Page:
Select Committee on Transport, Local Government and the Regions Appendices to the Minutes of Evidence

Memorandum by Harrogate District Community Transport Ltd (Bus 34)



  Rural bus subsidies have not enabled North Yorkshire County Council to develop new bus and transport initiatives. It has not been possible to invest this money into community transport bus services. This would have provided core funding to support and develop infrastructure, which would have meant an investment for the future. It would have provided a base from which community could develop and become sustainable. The current use of rural bus subsidy very often provides more empty vehicles. This type of inflexible public bus service on a designated route is not the mode of public transport rural communities either want or will use consistently. A small percentage of these extra services will possibly have encouraged more passengers back to public transport. But this enormous amount of subsidy does not justify the cost. When the subsidies are withdrawn we will be left with nothing, as the commercial bus operators will withdraw the service.

  Rural bus challenge initiatives have been a worthwhile investment in many instances. Unfortunately they must be submitted via County Councils. If the County Council does not have a strategy and does not have a development plan the bids may not be co-ordinated and the opportunity, which this fund offers, can be missed. Also potential worthwhile projects can be vulnerable to the personnel or politics of the moment. I feel that the department should monitor the bids more closely and ensure that bids are not being placed without the appropriate consultation and planning.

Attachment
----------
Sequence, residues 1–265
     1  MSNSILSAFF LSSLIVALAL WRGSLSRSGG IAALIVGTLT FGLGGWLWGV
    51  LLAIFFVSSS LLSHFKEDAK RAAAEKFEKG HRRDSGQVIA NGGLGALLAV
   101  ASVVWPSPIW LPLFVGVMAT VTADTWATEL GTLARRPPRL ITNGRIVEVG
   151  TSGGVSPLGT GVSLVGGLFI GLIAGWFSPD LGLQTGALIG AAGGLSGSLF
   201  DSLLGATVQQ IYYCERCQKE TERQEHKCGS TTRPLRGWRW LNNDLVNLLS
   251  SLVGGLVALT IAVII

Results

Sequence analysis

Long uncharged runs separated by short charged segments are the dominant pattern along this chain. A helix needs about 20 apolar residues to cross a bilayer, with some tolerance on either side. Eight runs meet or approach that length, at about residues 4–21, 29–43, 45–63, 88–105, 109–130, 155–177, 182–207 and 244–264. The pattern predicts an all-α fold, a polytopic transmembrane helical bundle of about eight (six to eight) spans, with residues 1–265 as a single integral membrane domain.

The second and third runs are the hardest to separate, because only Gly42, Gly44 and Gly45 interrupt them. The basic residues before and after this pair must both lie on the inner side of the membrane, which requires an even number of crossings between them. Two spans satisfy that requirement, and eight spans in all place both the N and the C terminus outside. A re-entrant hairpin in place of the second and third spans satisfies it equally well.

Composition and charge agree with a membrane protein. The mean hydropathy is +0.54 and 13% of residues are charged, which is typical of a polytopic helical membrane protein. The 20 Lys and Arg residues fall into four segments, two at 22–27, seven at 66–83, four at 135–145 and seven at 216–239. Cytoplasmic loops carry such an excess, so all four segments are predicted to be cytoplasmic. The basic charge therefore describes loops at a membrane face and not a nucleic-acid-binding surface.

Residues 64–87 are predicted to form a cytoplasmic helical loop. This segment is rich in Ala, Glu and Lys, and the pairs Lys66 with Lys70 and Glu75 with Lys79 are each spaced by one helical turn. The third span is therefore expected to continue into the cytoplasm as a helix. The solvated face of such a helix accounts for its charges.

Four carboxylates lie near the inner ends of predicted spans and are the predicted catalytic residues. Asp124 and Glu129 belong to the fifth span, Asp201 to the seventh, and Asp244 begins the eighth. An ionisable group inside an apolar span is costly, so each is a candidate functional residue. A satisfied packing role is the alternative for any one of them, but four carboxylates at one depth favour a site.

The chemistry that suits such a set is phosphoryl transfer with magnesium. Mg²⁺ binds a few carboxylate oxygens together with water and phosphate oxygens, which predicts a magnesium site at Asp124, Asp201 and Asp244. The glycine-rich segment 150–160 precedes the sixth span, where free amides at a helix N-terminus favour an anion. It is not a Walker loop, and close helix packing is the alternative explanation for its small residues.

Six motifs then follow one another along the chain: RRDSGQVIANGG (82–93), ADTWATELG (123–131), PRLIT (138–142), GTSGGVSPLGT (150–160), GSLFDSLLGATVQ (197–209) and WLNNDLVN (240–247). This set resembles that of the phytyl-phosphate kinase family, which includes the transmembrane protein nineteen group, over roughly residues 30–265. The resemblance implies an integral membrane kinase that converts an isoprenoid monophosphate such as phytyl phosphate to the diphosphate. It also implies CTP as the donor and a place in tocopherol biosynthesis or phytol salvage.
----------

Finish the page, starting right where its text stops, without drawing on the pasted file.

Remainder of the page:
2.  The government policy of promoting Community Transport and recognising the positive impact this could have on reducing social exclusion is very welcome. Unfortunately it is still very, if not almost impossible, for community transport organisations, both rural and urban to access core funding in order to establish the infrastructure required to develop. Rural Transport Partnerships have enabled certain progress to be made but in many areas they are seen as an excuse by statutory authorities to avoid any investment. Community transport is seen as a cost and no one wants this cost to come out of his or her budget. It therefore is avoided, particularly in areas where social service transport and passenger transport directorates are separate. Authorities may claim to have a Local Transport Plan that involves developing community and voluntary sector transport to serve the needs of those who are socially excluded but when it comes to allocating funds this is not the case.

  I applaud the massive investment and the transport policies of this Government. The problem is how does it get where it is supposed to be?

Lyn Costelloe


April 2002

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